10-year Treasury yield jumps above 0.7% on hopes coronavirus spread is slowing

Treasury yields climbed on Tuesday as investors grew more optimistic that the coronavirus pandemic may be stabilizing in the U.S. and globally. 

The yield on the benchmark 10-year Treasury note, which moves inversely to price, rose 5 basis points to 0.72%, while the yield on the 30-year Treasury bond was up at 1.33%.

Investors have been soothed by data over the weekend showing a slowdown in the number of new cases of the coronavirus in the U.S., while death tolls in other global hotspots have also begun to tail off.

The World Health Organization (WHO) has also lauded the speed of progress in the development of vaccines and treatments.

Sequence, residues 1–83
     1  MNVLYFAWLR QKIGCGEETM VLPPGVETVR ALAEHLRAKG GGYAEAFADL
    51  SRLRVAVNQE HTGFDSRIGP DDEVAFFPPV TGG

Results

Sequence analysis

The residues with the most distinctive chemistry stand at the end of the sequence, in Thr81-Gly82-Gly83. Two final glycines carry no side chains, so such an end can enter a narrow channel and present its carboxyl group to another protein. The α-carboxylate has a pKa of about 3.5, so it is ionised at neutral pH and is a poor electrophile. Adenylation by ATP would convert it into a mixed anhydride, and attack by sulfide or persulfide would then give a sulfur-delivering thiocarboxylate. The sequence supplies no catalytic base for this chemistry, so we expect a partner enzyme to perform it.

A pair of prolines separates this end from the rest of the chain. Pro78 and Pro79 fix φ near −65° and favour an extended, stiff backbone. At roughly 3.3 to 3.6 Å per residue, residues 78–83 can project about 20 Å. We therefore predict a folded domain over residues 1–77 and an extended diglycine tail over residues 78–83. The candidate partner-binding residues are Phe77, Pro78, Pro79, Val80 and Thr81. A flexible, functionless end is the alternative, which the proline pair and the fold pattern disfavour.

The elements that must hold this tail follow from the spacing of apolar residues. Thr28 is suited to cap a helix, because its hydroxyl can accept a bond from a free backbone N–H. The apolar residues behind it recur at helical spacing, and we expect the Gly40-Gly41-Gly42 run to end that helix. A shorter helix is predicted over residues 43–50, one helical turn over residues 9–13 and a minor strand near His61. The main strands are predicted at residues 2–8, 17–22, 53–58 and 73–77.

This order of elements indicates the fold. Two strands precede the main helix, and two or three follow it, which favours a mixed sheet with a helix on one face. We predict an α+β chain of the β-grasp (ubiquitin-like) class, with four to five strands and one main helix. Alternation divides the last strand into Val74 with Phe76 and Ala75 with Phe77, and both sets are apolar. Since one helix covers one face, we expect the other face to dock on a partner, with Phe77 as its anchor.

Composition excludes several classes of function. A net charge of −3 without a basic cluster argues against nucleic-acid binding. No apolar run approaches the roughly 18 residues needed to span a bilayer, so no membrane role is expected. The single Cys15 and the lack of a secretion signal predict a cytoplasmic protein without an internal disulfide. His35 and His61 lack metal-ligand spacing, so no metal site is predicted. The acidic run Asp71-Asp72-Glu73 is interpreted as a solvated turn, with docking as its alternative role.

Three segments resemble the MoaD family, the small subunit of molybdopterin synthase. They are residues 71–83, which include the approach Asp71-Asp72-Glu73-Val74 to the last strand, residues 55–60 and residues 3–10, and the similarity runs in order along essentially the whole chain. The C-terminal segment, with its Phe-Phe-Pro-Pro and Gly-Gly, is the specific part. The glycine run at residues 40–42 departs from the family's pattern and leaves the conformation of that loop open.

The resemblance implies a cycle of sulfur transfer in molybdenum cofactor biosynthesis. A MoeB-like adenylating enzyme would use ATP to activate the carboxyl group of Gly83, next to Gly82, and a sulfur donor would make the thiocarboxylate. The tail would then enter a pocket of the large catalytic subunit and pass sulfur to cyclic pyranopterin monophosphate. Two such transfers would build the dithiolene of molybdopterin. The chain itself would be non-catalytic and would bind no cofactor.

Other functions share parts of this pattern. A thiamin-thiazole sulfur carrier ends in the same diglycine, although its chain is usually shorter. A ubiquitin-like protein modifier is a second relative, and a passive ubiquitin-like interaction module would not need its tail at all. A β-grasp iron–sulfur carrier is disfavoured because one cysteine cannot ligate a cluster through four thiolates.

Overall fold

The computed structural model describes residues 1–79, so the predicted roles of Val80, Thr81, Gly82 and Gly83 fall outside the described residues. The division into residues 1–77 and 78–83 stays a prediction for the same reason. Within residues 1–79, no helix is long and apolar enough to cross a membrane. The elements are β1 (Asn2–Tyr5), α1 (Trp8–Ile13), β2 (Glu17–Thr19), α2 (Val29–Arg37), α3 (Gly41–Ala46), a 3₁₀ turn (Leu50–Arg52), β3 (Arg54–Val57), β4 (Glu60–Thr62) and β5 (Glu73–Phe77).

However, White House Health Advisor Anthony Fauci cautioned Monday that the world may never return to what was considered “normal,” and U.S. cases have now surpassed 368,000 with more than 10,900 deaths.

“Improving coronavirus assessments combined with better euro-zone data overnight to extend the bid for global equities at the expense of Treasuries,” Ian Lyngen, BMO’s head of U.S. rates, said in a note on Tuesday.

Stocks looked to build on Monday’s sharp rebound as a slew of coronavirus headlines pointed to a potential stabilization in the U.S., particularly in New York state.

On the data front, IBD/TIPP Economic Optimism for April and February’s JOLTs Job Openings figures are due at 9 a.m. ET.

Auctions will be held Tuesday for $40 billion of 119-day Treasury bills, $45 billion of 69-day bills and $25 billion of 10-year notes.

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